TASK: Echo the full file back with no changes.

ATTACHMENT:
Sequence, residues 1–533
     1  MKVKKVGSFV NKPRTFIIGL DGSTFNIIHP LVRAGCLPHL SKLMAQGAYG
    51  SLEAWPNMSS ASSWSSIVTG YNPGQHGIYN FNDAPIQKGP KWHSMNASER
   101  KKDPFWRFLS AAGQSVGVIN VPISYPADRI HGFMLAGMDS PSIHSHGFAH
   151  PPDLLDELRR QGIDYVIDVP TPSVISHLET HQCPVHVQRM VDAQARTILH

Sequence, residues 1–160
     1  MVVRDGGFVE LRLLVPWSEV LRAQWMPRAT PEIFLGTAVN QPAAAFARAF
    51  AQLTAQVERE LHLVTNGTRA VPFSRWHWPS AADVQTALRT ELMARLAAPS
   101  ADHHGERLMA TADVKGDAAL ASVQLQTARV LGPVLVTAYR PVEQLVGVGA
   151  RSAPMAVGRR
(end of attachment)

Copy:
Sequence, residues 1–533
     1  MKVKKVGSFV NKPRTFIIGL DGSTFNIIHP LVRAGCLPHL SKLMAQGAYG
    51  SLEAWPNMSS ASSWSSIVTG YNPGQHGIYN FNDAPIQKGP KWHSMNASER
   101  KKDPFWRFLS AAGQSVGVIN VPISYPADRI HGFMLAGMDS PSIHSHGFAH
   151  PPDLLDELRR QGIDYVIDVP TPSVISHLET HQCPVHVQRM VDAQARTILH

Sequence, residues 1–160
     1  MVVRDGGFVE LRLLVPWSEV LRAQWMPRAT PEIFLGTAVN QPAAAFARAF
    51  AQLTAQVERE LHLVTNGTRA VPFSRWHWPS AADVQTALRT ELMARLAAPS
   101  ADHHGERLMA TADVKGDAAL ASVQLQTARV LGPVLVTAYR PVEQLVGVGA
   151  RSAPMAVGRR